Fidor – The Facebook Bank

A look at Fidor Bank, which launched with interest rates tied to "likes" on its Facebook page.

Fidor Bank

I might be a bit late with this one, but I wanted to be a bit cautious and dip my toe in the water before crowing too loudly about it. A few months ago, I heard about Germany’s Fidor Bank, and its premise – online banking, social media-style – grabbed my attention straight away. It launched in the UK on Friday, and being interested in anything that disrupts the conventional retail banking industry, I had to give it a good sniff.

Facebook likes for interest?

Here’s the deal: Facebook ‘likes’ raise the current account interest rate. Simple enough. Also, Fidor’s community-style ethos extends to its very own social media platform, which encourages engagement through bonus payments to members for asking questions, commenting, suggesting products and other perky-people activities.

Ok, I’m not feeling perky enough to get that involved, even if there are a few pence to be picked up along the way. Shocking, I know! I don’t know why, but I’ve just drifted away from the level of engagement I had with Facebook, Twitter et al, and I can’t muster the energy for another platform. I’m just trying to re-engage with my blog for now!

Having said that, I have signed up with Fidor, and I have signed up for a Fidor Smart Current Account. As of writing, their UK Facebook page has 380 likes, which gives 0.25% in-credit interest on this current account. They promise that this will rise to 0.5% once they hit 10,000 likes, rising incrementally. Anyone got 9,620 friends to influence?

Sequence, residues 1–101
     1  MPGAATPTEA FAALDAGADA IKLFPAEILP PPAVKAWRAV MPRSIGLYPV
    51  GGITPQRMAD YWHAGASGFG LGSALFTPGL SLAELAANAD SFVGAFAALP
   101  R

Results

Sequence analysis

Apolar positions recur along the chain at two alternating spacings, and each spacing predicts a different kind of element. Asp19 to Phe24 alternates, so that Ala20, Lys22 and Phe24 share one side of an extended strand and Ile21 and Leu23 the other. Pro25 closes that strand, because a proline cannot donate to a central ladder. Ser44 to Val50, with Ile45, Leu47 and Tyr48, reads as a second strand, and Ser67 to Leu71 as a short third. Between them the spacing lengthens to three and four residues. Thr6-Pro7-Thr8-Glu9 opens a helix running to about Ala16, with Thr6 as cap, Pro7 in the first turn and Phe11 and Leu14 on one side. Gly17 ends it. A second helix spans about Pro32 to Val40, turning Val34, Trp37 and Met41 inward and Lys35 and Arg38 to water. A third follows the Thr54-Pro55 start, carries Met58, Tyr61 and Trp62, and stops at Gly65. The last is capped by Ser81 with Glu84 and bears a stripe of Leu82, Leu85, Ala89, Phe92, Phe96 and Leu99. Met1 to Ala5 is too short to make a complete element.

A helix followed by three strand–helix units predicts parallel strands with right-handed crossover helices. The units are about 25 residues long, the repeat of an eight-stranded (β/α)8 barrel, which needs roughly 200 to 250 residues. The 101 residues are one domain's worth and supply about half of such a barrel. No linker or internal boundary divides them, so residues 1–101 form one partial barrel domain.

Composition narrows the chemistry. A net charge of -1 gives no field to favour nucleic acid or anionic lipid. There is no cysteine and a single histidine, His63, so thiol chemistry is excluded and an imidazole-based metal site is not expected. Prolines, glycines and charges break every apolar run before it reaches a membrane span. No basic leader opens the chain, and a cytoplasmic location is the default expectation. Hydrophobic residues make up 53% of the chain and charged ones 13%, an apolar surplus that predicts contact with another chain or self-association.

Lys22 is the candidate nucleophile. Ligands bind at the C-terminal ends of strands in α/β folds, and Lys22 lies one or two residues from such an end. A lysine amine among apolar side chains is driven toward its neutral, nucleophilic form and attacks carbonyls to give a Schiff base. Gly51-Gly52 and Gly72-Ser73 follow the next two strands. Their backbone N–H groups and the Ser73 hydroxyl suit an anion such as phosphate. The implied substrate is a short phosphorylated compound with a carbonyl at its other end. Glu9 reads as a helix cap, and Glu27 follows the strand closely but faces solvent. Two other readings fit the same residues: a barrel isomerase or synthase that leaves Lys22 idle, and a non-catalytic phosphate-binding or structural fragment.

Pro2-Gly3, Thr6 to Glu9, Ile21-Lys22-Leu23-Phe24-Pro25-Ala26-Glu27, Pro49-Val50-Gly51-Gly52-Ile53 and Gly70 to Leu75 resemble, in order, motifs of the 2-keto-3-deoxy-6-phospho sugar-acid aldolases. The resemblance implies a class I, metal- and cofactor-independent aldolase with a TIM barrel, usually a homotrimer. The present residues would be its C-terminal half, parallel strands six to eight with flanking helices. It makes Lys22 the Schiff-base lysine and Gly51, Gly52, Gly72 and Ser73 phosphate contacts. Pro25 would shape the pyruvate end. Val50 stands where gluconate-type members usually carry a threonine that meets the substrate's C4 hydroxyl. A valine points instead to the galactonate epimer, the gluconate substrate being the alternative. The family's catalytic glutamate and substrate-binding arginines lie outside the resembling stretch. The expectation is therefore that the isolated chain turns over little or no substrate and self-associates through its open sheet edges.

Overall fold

Honestly, I can’t recommend getting this account for the interest, since TSB blows this out of the water with their 5% in-credit rate.

Still, there are reasons to look into it:

1. No credit check – a massive bonus for some.

2. A free £5 joining bonus for the first 1000 members – I signed up and lo, I beheld my £5, but mystifyingly, this is in my account, not my current account, which hasn’t been set up yet. Confusing or what? In order to reach this carrot, you’ve got to jump through the current account hoop first, which involves waiting for a snail-mail code to be posted to you. After that, you should have a sort code and account number, but wait! – there’s no debit card yet!

Hmmm. I’ll have to wait and share my experience in navigating this once I’m all set up.

3. Bonus payments for all sorts, as well as referrals. If you are that way inclined, you could be raking in the pennies! Fidor offers £2 per friend referred, plus a percentage of their activities. I’ll have to see what my experiences are before going all out and recommending this to anyone, but my plan is to take it slowly and get to know this account before putting any real money (that is, money they haven’t given me) into it. Then I can recommend it.

4. Last reason – it’s interesting! Simple. Retail banking in the UK needs a kick up the bum. I’m in favour of anything wearing kicking boots.

 So check it out here if you’re interested, and let me know what you make of it.

 

Update – we both opened Fidor accounts and received £5, but closed them eventually. I wasn’t convinced of the value behind it and we could get much better rates on our money elsewhere.

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